- Bowheads have the largest open mouth of any animal measuring 12 feet high, 16 feet long and 8 feet wide
- Some bowheads measure 60 feet long and weigh over 70 tonnes
- Bowheads are generally slow swimmers that can remain submerged in shallow water for up to 40 minutes in a single dive
- Female bowheads are larger than males
- Social and non-aggressive mammals that retreat when faced with conflict
Check them out in the wild
Interested in checking out bowheads in the wild? Arctic Kingdom offers various trips that allow you to see these stunning creatures including: Polar Bears and Glaciers of Baffin Island which allows you to visit a newly- discovered molting area! Yes, there are a few spaces left in 2015.
Author: Mandy Ams
July 24th, 2015 | By Prisca Campbell | Filed in AK NEWS
One of the perks of working in the Canadian Arctic is meeting interesting people, especially artists. There is a long tradition of southern artists travelling the north, camping in remote areas to spend time painting and sketching. Members of Canada’s Group of Seven did it eighty years ago. This summer Canadian artist Cory Trepanier is exploring the North, adding to his Into the Arctic Collection. You can read his field journal here.
Cory Trepanier in Iqaluit
Cory has kindly sent us a selection of photos depicting him at work en plein air. He is experiencing excellent weather for painting outside, these last weeks of July. We will be posting the photos he shared with us on our Facebook page and Twitter feed.
One advantage to artists and photographers of travelling at this time of year to Iqaluit is the long twilight that comes each day the midnight sun shines. A beautiful hue is cast across the landscape that adds magic to a painting or photo.
To learn more about visiting Iqaluit for a weekend or a week, visit our Arctic Weekend Getaway section of the website.
July 21st, 2015 | By Prisca Campbell | Filed in Landscape
Everyone of us has a mental image of what the Arctic looks like, even if we have never been. Natural Resources Canada divides the Arctic in two: The Northern and Southern Arctic. Their delineation is based on rocks and plants. Baffin Island is in the Northern Arctic ecozone, where as our Polar Bear Cabins are situated in the Southern Arctic ecozone.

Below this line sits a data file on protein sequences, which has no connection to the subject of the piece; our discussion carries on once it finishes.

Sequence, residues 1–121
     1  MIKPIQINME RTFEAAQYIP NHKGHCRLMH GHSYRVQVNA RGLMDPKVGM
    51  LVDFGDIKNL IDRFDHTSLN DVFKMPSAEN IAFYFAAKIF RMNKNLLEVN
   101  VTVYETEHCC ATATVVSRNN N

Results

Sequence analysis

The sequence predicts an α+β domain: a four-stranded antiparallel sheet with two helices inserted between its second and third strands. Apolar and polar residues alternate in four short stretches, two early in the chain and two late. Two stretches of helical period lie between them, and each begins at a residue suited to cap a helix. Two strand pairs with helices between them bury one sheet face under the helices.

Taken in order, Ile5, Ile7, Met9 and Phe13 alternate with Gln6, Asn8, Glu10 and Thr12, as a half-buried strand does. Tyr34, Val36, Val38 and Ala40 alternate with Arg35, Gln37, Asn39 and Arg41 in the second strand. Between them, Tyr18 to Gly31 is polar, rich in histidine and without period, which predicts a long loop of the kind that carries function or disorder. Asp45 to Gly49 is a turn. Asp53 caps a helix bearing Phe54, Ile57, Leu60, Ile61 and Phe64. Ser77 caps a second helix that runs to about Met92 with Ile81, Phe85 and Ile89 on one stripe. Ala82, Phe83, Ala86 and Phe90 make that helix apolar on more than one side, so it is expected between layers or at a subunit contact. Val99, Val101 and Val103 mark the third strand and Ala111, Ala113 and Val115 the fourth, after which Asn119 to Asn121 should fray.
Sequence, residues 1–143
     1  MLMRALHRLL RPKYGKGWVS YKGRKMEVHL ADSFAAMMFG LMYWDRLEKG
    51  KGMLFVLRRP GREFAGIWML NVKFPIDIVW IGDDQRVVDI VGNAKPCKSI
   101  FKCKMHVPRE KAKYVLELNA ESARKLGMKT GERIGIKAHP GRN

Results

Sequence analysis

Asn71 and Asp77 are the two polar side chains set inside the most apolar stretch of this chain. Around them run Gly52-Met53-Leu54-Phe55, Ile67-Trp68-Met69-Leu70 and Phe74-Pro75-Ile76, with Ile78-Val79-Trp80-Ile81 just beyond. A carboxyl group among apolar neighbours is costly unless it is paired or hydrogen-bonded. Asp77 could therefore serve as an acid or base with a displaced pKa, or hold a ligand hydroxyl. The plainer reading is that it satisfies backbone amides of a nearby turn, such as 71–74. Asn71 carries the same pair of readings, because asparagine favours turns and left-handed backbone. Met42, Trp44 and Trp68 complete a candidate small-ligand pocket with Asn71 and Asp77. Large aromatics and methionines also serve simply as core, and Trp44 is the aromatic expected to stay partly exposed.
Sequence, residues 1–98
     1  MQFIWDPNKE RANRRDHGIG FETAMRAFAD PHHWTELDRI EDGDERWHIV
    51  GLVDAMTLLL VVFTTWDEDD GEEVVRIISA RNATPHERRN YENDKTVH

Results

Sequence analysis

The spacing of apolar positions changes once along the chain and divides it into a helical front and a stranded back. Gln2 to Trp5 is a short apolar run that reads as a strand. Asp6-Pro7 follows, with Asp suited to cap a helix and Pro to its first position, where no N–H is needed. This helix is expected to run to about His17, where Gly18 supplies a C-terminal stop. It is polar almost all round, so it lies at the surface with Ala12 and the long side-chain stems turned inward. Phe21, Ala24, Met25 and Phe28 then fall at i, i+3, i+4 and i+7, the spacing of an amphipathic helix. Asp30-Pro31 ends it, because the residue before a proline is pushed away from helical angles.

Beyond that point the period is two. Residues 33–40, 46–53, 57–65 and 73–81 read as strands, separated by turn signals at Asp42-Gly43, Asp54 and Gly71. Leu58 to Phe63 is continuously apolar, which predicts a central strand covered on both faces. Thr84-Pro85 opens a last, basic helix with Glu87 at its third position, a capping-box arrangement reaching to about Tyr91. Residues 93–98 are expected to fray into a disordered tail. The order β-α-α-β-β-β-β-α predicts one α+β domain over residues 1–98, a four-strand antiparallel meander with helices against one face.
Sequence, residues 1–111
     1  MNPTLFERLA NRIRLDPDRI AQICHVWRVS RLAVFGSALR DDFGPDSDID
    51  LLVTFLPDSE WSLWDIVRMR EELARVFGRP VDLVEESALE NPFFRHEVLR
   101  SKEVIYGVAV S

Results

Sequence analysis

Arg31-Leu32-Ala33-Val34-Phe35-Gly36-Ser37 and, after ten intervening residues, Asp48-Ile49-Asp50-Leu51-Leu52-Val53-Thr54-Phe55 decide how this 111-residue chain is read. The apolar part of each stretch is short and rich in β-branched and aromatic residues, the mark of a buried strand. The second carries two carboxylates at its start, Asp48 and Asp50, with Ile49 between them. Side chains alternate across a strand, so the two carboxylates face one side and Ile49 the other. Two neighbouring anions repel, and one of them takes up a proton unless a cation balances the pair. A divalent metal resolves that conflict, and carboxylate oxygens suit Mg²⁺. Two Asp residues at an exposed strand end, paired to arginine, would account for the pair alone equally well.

The Arctic has been described as treeless, yet especially-adapted willows grow, if only a few centimeters high. Taiga, on the other hand, is a region where spindly spruce and fir grow – stark silhouettes against the sky. Taiga is also home to immense wetlands. Our Autumn Caribou and Northern Lights Safari occurs in the Taiga Shield Region.
Ecozone vs. Biome
Tundra is not an ecozone, but it is a type of biome. Biomes being a large type of community defined by a significant vegetation type. Ecozones can be comprised of a number of distinct biomes. You can hike tundra in the Northern Arctic on Baffin Island and in the Southern Arctic around our polar bear cabins. You can visit the Taiga Shield and hike tundra at the same time.
The Canadian Arctic
The Department of Natural Resources definition of the Arctic is not the only definition. Some people define the Arctic as anything north of 60. Others define the Arctic as anything north of the treeline. We, at Arctic Kingdom, think the region may be defined by weather and wildlife.
July 15th, 2015 | By Prisca Campbell | Filed in Featured Trip
I refuse to apologize for some shameless self-promotion, because our Polar Bear Migration Fly-in Photo Safari is an outstanding adventure for wildlife photographers. And…it is exclusive to Arctic Kingdom. That’s right. We operate it.
So what makes this Arctic safari special for photographers?
Only 8 people at a time can participate. So you won’t be jostling people elbows trying to get that perfect angle for your shot. The electric fence that surrounds the camp is nearly invisible, so you can shoot right through it – at eye level with the polar bears. You are in place to shoot during the dawn and twilight of late autumn. The perfect light for the dedicated photographer.
Are polar bears the only wildlife?
No way! In addition to polar bear mother and cubs, Arctic fox, caribou, wolverine, gyrfalcon, ermine (stoat) and marten inhabit the area around our camp. Arctic foxes are known to nip and tease polar bears. They entertain us every year. Caribou have migrated south from their summer feeding grounds.
Aerial photography is possible
Included in the package price is a charter flight from Churchill to the tundra on which our camp is situated. While air born, if the conditions are good, you are welcome to shoot from the air. Keep an eye open for caribou and polar bear on the ground.
A few spaces are available in 2015
If you want to kick start your wildlife photography career, this is the trip to take. You live in the heart of polar bear alley, in comfortable cabins, with a chef to prepare your meals, while shooting some of the most intimate photos of polar bear behaviour possible.
Details are found by clicking here.